A friend and I were talking about an article I read on how several major designers, unnamed of course, refused to dress actress Melissa McCarthy for the 2012 Oscars.
I said, well, she’s fat. Most designers are concerned with elevating their brands, not dressing the masses of people who she more accurately represents. They’re selling a dream, not reality.
My buddy was like, yeah, but we’ve given the fashion industry carte blanche to ostracize and depreciate people who don’t fit established molds. They abuse that power, and diversity is a casualty.
I thought about that, and I agree. The fashion industry does have the power to dictate what is beautiful and acceptable. Just like the world of business once dictated who was acceptable to work in offices and how they should look. In times gone by I never would have been able to sit in my corner office, natural hair balled on top of my head just how it grew and just how I like it. I’d have had to endure beauty shops — my own personal version of hell — perms and boring clothes in beige and navy blue <shudders theatrically> just to answer someone’s phone.
Now, keeping my goals and infrastructure and a reasonable dress policy in mind, I rock it how I like, and I can’t imagine life any other way.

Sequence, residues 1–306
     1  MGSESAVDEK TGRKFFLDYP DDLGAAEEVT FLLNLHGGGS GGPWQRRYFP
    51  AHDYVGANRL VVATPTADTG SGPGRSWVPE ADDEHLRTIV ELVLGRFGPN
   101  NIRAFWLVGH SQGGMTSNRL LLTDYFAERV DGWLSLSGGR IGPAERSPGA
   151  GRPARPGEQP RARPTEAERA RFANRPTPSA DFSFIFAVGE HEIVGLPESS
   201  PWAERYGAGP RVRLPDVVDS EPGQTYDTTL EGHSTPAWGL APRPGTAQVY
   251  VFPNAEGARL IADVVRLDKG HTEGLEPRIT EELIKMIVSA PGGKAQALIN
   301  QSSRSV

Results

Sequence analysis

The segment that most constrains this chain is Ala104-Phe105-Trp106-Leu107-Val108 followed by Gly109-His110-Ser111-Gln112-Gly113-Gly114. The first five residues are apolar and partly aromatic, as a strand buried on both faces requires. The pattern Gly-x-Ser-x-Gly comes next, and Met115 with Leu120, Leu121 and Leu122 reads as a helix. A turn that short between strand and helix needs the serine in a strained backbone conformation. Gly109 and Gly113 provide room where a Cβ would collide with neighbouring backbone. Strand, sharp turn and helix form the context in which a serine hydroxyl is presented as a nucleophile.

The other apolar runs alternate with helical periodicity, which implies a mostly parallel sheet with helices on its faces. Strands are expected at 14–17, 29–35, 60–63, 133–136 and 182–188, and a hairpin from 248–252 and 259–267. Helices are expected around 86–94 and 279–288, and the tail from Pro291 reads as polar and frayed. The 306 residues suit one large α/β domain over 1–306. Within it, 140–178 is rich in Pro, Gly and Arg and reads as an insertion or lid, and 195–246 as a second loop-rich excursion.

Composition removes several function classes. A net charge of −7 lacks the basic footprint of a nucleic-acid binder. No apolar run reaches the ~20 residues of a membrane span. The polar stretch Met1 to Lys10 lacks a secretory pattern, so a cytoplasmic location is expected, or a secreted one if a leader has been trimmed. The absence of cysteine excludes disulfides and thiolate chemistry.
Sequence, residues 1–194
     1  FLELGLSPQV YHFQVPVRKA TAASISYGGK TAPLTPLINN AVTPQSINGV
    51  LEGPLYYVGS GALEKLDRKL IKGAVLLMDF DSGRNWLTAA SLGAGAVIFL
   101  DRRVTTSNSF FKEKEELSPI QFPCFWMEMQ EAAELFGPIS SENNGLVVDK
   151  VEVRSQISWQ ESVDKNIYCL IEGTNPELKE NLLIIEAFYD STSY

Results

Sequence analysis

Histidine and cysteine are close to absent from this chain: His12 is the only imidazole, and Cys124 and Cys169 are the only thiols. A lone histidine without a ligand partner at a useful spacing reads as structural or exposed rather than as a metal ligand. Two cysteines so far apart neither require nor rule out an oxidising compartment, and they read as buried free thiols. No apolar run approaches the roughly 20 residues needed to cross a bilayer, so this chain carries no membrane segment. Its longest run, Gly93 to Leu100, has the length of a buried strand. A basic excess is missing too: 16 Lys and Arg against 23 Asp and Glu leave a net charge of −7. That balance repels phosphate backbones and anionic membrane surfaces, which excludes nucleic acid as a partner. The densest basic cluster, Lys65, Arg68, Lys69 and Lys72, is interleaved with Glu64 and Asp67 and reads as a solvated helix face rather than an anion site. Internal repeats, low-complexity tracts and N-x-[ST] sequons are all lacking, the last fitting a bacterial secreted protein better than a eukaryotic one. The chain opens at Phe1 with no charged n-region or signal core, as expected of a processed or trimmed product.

Time and people changed those limited, old school ideas. Now, workforce leaders know it is ultimately the talent who has the power, and that talent has many faces and shapes. McCarthy certainly thinks so; she has a clothing line in the works, no doubt to ensure that she never has to beg some narrow-minded fashion diva for a frock again.
It’s something to consider, how certain industries like the fashion world influence what we do every day. They shape our thinking and expectations and desires often without our explicit permission or knowledge. Have you ever wanted to wear something, but remembered some arbitrary fashion rule that changed your mind? There you go.
At the end of the day you have to consider who has the power in your life. It’s not a zero-sum game. Not everyone likes natural hair, and some office environments would still prefer that you rock beige and navy blue and have pin straight, more comfortable hair. But power dynamics shift from day to day, sometimes from project to project, or even from job to job. You have to decide who’s really in control of your life, and are they pro or con about the diverse qualities that make you your own individual?